RealTime IT News

IBM Honors Security Pledge

Honoring its commitment to incorporate disparate security standards in its Web services software, IBM officials have announced support for SAML and Kerberos , as well as an extended edition of its mainframe-security service, WebSphere MQ.

The two security standards will be supported in Tivoli Access Manager v5.1, due out by the end of the year.

One of the highest priorities for Web services vendors -- like IBM with Tivoli and Web Sphere, Microsoft with .NET and Sun with J2EE -- has been to reassure potential corporate customers that its framework would stay free of interlopers.

Given the nature of Web services architecture, which ties components from one corporate intranet to another, the risk of sensitive and critical information getting intercepted between the end points has always been an issue with IT managers. Allowing unauthorized employees access to restricted information is another concern.

IBM relates that information to its services oriented architecture (SOA), where components of its Tivoli and Web Sphere products pass information from one to the other millions of times a day.

SAML and Kerberos handle these authentication and identification procedures, and are now rolled into both IBM programs as a standard feature, though it plans on expanding that to its entire software line.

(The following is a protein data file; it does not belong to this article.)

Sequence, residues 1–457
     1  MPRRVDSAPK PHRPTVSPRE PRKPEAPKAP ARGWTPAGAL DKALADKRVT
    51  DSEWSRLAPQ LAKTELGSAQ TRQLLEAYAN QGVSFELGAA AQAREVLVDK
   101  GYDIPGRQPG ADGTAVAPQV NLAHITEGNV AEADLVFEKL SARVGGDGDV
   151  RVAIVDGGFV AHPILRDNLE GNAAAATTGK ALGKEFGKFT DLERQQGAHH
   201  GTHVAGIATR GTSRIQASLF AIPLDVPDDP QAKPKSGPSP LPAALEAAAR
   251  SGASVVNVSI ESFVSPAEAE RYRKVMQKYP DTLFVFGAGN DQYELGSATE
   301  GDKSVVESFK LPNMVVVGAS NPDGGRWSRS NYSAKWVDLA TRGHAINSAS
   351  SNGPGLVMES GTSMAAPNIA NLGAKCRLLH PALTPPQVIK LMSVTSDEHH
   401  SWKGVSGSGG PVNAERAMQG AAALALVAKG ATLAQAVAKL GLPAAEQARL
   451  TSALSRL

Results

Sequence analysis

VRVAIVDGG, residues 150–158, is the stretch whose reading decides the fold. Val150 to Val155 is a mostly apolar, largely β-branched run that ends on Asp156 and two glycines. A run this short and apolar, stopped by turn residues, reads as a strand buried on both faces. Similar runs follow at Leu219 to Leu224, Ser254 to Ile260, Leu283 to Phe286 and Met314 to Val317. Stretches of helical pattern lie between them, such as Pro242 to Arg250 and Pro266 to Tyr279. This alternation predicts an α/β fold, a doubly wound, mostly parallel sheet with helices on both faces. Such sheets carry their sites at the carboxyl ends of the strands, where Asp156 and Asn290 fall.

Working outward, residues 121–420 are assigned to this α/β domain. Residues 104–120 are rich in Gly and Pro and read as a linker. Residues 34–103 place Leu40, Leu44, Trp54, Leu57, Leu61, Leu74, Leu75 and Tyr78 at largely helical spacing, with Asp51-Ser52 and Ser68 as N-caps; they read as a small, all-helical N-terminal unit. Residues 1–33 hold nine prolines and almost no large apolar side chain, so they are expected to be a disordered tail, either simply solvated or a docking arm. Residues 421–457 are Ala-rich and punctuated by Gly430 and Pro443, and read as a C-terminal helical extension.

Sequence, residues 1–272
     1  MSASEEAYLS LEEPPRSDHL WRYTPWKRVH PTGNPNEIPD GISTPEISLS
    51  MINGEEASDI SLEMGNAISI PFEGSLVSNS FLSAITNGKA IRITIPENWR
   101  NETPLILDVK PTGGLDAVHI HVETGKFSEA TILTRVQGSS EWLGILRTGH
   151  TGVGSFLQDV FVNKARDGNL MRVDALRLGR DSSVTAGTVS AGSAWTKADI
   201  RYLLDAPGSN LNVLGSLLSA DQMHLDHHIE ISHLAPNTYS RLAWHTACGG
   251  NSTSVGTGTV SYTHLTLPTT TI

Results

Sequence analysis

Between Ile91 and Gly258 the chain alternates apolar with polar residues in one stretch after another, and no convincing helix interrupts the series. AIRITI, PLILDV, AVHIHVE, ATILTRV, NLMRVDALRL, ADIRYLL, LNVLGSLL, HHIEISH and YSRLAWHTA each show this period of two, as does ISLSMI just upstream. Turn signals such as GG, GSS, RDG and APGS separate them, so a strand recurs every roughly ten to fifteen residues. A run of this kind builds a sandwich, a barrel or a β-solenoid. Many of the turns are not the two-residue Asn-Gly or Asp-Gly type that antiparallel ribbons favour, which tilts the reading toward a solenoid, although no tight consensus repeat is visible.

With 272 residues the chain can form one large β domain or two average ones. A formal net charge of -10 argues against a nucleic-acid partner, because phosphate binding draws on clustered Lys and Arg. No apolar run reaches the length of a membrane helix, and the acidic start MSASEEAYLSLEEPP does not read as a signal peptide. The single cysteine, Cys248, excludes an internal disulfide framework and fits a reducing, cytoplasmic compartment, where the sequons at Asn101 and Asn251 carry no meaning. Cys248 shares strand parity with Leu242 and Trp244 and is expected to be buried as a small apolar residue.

"In the larger picture, we're doing this to support the On Demand operating environment," said Bob Sutor, IBM director of Web services software.

As Sutor puts it, Web services is the second generation of the World Wide Web, hooking together not consumer sites but corporate intranets. One of the biggest concerns when Web services were getting rolled out was security, though it seems to have taken a back seat to cost-cutting measures and integration.

"I think (security should be) their number one concern," he said, "not as a problem, but a concern."

The SAML, Web Sphere MQ and Kerberos support isn't an end point for security on the Web services framework, Sutor said, but a stepping stone.

"This marks pretty much a stake in the ground where we're saying this is where we are in implementing the Web services security roadmap, which we helped author last year, this is where we are on the Tivoli roadmap that we published last year and this is where we're going," he said.

The next step in the roadmap is providing native support for these security standards in Web Sphere and Tivoli. Currently, SAML needs to be manually coded at both ends to gain authentication, while Kerberos isn't embedded into Tivoli.

Using federated identity software, however, IBM plans to put Kerberos in Tivoli natively, while using SAML to automate the creation of identities for trusted users.

While federated computing is still in its infancy, IBM officials consider it the next step in Web services security. Having a single, uniform way to set parameters, officials say, is the most secure method to use when tying together customer relationship management (CRM), supply chain management (SCM) and legacy systems.

This next step will be to roll it out sometime next year. IBM's Web site, called AlphaWorks (http://www.alphaworks.ibm.com), lets users work with the federated identity software.